TASMANIA is ``locked at the bottom of Australia's economic performance table'', according to the latest analysis of state economies released today.
The CommSec report ``State of the States'' says Tasmania is under-performing all other economies in the country.
The report says improvements in housing finance and a lift in retail spending may provide an economic boost.
Both major political parties made economic statements yesterday following Premier Lara Giddings's announcement on Thursday that the state election would be held on March 15.
The Liberals promised reforms for small business, and the government provided an update on its two-year economic development plan.
CommSec's quarterly report shows that Western Australia remains the nation's best-performing economy.
``Tasmania lags all other economies on all of the indicators except for being sixth-strongest in housing finance,'' the report says.
Housing finance is up 20 per cent on a year ago, but still down 11 per cent on decade average.
The report says this strength may provide the state economy with a platform for improvement in coming quarters.
``But stagnant population growth is reducing activity across the economy, with added weaknesses in commercial, engineering construction and business investment.''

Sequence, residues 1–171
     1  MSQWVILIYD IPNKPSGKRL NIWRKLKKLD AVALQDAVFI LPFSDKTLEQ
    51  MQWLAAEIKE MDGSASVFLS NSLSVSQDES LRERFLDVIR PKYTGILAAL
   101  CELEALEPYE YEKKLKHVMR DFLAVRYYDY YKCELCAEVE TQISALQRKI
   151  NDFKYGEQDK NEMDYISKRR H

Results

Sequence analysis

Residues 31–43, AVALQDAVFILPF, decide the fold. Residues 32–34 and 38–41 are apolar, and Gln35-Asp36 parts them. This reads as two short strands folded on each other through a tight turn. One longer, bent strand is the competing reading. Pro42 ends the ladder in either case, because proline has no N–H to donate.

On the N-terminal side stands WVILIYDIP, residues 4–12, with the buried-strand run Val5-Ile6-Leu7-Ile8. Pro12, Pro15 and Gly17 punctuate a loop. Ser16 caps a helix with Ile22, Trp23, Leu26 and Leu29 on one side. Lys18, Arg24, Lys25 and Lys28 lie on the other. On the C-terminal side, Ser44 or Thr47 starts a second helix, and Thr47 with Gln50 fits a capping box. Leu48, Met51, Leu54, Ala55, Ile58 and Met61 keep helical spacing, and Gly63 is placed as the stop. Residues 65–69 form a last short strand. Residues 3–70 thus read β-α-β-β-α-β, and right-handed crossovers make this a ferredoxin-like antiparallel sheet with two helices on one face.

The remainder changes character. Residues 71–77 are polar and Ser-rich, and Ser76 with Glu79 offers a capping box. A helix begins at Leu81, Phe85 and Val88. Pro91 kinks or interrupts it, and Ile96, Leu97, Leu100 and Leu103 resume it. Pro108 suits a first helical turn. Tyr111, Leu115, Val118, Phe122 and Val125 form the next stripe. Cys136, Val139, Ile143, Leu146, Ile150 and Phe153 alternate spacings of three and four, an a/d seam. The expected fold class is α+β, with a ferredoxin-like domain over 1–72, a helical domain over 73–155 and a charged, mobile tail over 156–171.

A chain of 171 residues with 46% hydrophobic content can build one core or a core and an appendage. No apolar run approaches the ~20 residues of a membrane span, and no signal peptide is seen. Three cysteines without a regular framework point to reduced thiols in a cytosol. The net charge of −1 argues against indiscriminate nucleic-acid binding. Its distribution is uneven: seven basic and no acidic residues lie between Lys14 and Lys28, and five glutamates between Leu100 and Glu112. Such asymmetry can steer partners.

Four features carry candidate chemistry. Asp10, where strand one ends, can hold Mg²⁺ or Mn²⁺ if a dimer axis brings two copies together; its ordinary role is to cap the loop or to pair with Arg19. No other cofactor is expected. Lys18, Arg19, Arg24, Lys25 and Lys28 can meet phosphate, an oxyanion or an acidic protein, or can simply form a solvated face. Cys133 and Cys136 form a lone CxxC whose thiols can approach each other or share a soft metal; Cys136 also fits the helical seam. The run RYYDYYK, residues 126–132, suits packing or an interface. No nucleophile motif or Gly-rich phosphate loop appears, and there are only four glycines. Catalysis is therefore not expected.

Tasmania also had the weakest result on retail spending in the country but saw a 5.8 per cent increase.
``If this leads to increased employment, there will be potential for stronger economic momentum in coming months,'' the report says.
The state's jobless rate is the highest in the nation at 7.7 per cent, a 29 per cent increase on the decade average.
Population growth in the state is below average but did lift slightly in the June quarter.
The report looks at eight key indicators such as retail spending and population growth and uses decade averages to assess each of the states and territories to create its performance report.
The mining industry kept Western Australia on top of the economic table, followed by the Northern Territory, the ACT, Queensland, NSW and Victoria.
The CommSec report noted that South Australia and Tasmania were at the bottom of the table with underperforming economies.